I have a better grasp on apathy about the issues. For a lot of people, the idea that human activity could cause serious global changes runs counter the all their intuition about how the world works. From their world view it just seems too far fetched to be valid.

I can imagine how I would respond if people started claiming that sending rockets to mars was going to shift the earth out of its orbit and cause the destruction of all life. Based on my knowledge of physics, that is just too far fetched for me to seriously consider.

Most peoples intuition about how the physical universe works is way off and their understanding of science in general is very weak. So its very difficult to persuade people that driving cars and burning coal really can cause a global catastrophe. Even when scientist have done the ground work and shown that its not just possible its really happening, the conclusions are so different from what most peoples intuition tells them that its much easier to believe this is some sort of conspiracy that it is for them to understand the seriousness of the scientific conclusions. So I can understand apathy.

What I don't understand is the anger and contempt. If people care enough to feel anger or contempt, shouldn't they care enough to actually investigate the issue and understand what the data really say? If they care, shouldn't they care enough to try and figure out the truth?

I'd really like to understand where the anger comes from.

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kmbboots
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I think that the anger is defensive. Knowledge that we are responsible and, more importantly, that we should change, is very threatening.
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advice for robots
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I can see at least some of the anger being directed at the scientists/environmentalists/pundits who havenít managed to get the abrasiveness and accusations out of their warnings. Perhaps at agendas that sometimes get attached to calls for action on the environmentís behalf. Also at the constant flow of terrible news about whatís happening without much mention of what theyíre supposed to do about it. As irrational as it might still be, I donít think itís as irrational as pure anger and contempt directed toward the environment itself, which Iíd be surprised if many people have.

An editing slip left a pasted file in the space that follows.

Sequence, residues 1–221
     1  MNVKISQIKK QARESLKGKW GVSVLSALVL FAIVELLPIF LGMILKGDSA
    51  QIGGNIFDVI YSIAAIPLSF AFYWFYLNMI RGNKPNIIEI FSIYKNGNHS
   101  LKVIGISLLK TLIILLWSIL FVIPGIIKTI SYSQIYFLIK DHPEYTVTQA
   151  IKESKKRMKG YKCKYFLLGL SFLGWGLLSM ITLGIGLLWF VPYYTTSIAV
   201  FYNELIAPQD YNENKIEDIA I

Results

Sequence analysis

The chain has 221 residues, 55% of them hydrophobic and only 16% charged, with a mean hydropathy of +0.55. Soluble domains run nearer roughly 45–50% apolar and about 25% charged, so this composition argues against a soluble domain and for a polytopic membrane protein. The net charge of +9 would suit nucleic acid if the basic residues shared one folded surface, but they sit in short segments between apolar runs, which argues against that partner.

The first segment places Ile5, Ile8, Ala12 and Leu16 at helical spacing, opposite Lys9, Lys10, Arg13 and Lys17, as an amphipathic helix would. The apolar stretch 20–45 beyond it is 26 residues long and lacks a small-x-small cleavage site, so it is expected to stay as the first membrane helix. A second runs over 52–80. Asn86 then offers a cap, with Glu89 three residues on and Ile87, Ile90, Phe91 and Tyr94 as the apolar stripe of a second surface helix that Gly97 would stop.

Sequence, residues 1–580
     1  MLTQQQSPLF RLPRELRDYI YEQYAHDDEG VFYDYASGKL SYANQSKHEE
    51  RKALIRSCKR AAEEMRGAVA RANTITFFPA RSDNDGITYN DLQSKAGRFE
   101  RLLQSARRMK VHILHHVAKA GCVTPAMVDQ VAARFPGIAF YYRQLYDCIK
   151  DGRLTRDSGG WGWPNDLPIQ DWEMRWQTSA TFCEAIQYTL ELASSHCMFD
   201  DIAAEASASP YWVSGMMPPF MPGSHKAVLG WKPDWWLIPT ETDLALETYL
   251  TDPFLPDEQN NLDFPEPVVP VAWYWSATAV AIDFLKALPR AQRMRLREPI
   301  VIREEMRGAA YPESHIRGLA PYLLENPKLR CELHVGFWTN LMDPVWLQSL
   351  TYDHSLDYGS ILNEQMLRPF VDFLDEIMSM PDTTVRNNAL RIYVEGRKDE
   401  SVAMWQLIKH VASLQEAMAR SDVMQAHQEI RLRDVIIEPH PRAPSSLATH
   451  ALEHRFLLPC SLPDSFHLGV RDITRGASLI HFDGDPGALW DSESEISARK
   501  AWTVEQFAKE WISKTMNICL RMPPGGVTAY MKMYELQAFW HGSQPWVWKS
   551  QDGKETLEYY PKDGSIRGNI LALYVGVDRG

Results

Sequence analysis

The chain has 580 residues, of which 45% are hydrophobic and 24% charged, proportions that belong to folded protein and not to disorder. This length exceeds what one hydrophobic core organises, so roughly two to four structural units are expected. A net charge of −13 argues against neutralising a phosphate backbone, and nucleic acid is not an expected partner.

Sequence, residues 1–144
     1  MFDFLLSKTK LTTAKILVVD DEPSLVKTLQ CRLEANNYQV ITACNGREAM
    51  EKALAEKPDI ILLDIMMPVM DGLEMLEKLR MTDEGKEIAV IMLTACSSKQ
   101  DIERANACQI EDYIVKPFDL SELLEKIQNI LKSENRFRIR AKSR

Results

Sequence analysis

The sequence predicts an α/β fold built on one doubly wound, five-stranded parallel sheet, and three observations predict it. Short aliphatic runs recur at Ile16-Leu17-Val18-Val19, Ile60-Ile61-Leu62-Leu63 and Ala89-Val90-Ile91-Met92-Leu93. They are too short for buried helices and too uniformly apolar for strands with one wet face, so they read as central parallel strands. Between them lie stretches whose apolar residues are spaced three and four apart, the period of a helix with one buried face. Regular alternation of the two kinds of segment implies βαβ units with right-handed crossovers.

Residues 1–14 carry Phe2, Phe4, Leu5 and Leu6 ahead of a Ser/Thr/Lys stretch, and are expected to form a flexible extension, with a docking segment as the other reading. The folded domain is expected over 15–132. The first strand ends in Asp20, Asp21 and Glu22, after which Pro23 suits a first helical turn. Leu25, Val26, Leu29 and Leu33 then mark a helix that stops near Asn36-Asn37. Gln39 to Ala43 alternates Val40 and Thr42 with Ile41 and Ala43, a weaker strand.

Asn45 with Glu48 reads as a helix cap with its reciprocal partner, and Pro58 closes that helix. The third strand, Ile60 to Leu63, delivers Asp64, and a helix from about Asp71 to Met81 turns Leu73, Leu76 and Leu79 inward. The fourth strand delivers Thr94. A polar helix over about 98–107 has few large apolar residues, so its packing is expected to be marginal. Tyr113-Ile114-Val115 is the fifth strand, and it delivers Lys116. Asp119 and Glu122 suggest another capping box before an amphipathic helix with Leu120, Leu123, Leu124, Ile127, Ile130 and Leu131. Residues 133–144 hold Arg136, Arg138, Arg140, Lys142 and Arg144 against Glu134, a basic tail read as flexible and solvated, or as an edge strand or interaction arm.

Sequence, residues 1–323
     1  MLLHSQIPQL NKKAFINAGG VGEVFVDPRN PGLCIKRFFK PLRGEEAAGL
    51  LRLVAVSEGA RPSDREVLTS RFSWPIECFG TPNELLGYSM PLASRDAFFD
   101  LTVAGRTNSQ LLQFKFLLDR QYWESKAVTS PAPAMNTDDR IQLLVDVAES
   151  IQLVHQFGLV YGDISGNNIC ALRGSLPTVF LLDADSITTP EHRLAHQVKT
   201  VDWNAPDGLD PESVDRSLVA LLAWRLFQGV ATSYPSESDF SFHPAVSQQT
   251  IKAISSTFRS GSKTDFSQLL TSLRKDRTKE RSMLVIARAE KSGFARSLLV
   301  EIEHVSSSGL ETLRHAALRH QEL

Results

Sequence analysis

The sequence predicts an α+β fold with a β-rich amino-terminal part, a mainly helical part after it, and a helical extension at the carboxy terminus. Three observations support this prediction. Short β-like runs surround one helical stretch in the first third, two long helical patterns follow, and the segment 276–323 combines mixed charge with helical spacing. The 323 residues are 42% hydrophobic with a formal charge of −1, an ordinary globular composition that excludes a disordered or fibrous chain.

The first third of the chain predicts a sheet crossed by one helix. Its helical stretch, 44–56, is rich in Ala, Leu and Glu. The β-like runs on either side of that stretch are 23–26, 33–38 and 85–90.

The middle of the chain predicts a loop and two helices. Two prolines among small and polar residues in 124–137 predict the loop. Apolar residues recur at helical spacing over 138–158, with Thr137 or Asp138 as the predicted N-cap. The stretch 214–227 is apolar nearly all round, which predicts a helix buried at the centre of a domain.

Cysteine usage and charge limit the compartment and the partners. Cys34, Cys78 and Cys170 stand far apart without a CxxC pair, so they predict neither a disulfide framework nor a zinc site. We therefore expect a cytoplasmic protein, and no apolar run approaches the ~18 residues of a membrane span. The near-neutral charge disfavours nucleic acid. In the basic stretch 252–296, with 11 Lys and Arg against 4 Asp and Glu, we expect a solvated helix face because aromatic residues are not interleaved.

But yeah, many people simply donít want to budge from their lifestyles, have a vested interest in an activity or business that is harmful to the environment somehow, or donít want to make it their lifeís mission. Itís not a priority, and might not be one until it starts directly interfering with their lives.

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The Rabbit
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quote:
I can see at least some of the anger being directed at the scientists/environmentalists/pundits who havenít managed to get the abrasiveness and accusations out of their warnings.